When people hear the word "activist", they tend to think of the people yelling down the streets, protest sign in tow. They are the ones with the megaphone, triumphing change and leading the battlefront with the sole power of their voices. However, the socially conceived definition of what an activist is forgets the immense role that introverts have in the change-making process. Each person has a role within tackling an issue, and discrediting the people who work behind-the-scenes is threatening to the progression of the society we wish to create. If you're introverted and want to make change, check out these ten tips below.
1. Write an op-ed. Our words have more strength than what we give them credit for, especially when it is made public for people to read and discuss. If there is a local, statewide, national, or international issue that sets your heart on fire, write about it! Many local publications put the editor's contact information within the newspaper or on their website, and college newspapers often rely on an open submission basis.
Journalism, historically, has been a vehicle for activists to curate change. In 1906, Upton Sinclair wrote a book called The Jungle, bringing attention to the lack of factory regulations within the meat packing industry. As a result of the honest and courageous accounts, conversations were raised by the general American public about the quality of their food, pressuring Theodore Roosevelt to pass the Pure Food and Drug Act of 1906 and the Federal Meat Inspection Act. Speaking out creates conversations, which leads to change, thus, your opinion is essential for getting change made.
2. Show up. Decisions are made by the people who show up and care enough to hear about the issues. Attending city council meetings is a great way to know where elected representatives stand on issues that matter to you or your organization, and the information you receive can be carried throughout your organization.
During the recent UN climate negotiations in Paris, youth delegates were invited to share the space in the negotiating room. However, due to UN rules, they were not able to carry signs advocating their beliefs. So what they did instead was paint a black zero near their eye to symbolize that youth felt the need for zero carbon emissions. No words were spoken or signs held, but the people making the deal felt the pressure from youth just by their presence and activism efforts. It is not impossible.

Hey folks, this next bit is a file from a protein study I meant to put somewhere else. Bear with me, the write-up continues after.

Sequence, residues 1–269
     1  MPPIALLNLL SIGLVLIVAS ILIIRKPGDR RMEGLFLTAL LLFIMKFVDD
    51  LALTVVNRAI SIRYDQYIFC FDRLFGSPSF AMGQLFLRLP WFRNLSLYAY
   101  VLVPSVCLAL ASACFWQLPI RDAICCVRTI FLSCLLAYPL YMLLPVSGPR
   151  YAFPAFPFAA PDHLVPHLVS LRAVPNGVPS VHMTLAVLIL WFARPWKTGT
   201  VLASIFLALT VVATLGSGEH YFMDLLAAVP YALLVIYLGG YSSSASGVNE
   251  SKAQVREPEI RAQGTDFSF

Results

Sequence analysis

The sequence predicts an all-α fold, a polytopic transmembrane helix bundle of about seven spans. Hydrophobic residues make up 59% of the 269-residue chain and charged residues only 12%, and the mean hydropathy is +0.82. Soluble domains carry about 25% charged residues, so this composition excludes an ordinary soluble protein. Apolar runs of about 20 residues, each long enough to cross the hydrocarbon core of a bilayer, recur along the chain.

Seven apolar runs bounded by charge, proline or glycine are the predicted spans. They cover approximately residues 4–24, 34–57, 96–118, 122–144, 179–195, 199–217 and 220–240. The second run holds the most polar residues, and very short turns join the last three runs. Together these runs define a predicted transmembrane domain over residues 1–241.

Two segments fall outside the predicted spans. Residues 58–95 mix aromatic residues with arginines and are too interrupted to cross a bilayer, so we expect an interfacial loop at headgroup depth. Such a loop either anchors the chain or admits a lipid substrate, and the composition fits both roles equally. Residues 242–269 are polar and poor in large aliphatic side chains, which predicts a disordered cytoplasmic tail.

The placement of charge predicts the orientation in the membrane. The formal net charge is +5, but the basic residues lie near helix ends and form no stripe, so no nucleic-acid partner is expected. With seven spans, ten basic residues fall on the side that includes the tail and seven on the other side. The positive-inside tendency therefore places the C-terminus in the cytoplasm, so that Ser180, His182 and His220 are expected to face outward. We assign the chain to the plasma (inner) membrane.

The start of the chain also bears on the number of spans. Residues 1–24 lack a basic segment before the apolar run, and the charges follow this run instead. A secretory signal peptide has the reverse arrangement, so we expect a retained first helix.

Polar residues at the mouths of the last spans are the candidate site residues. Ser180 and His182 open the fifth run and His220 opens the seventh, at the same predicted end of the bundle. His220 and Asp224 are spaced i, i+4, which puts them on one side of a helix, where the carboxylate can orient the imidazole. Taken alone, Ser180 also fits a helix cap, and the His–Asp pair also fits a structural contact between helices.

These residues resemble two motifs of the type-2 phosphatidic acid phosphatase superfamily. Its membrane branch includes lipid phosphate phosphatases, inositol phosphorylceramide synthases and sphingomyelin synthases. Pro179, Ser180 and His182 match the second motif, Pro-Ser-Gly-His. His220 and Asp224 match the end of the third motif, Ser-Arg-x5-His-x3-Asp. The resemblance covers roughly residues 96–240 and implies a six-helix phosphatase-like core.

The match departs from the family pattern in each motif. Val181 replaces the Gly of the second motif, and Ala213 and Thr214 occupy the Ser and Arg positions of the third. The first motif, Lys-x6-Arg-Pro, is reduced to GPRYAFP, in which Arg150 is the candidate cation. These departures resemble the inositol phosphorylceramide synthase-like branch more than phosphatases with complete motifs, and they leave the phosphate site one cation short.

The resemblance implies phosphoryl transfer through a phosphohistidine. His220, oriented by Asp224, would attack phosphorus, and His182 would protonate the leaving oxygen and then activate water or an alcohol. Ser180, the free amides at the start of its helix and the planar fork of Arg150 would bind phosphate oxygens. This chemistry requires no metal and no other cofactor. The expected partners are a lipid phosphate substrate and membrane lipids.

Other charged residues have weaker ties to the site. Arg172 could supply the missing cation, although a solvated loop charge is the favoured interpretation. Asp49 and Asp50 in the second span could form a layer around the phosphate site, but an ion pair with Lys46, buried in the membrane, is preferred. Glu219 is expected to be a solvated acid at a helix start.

We need people who are willing to fill the seats, show up, and put pressure on local officials through just being present and knowing that students are listening.
3. Write resolutions. It is not uncommon for student associations to pass resolutions on a specific public policy issue. If you are working within an organization, pressure your organization to take a specific stance on the issue by crafting a resolution that contextualizes the issue while providing necessary action steps to resolve it.
4. Create. Organizations need people who can use their skills of graphic design, art, calligraphy, photography, videography, or music to help progress their mission forward. Although it might seem like an indirect form of activism, designing informational brochures, creating PSAs, or writing a spoken word is a powerful way to reflect upon the social justice issue while making it inviting for people to access the material. We need your calculated, reflective ways of looking at issues to make the information appealing and interesting for people to see the importance of the issue itself.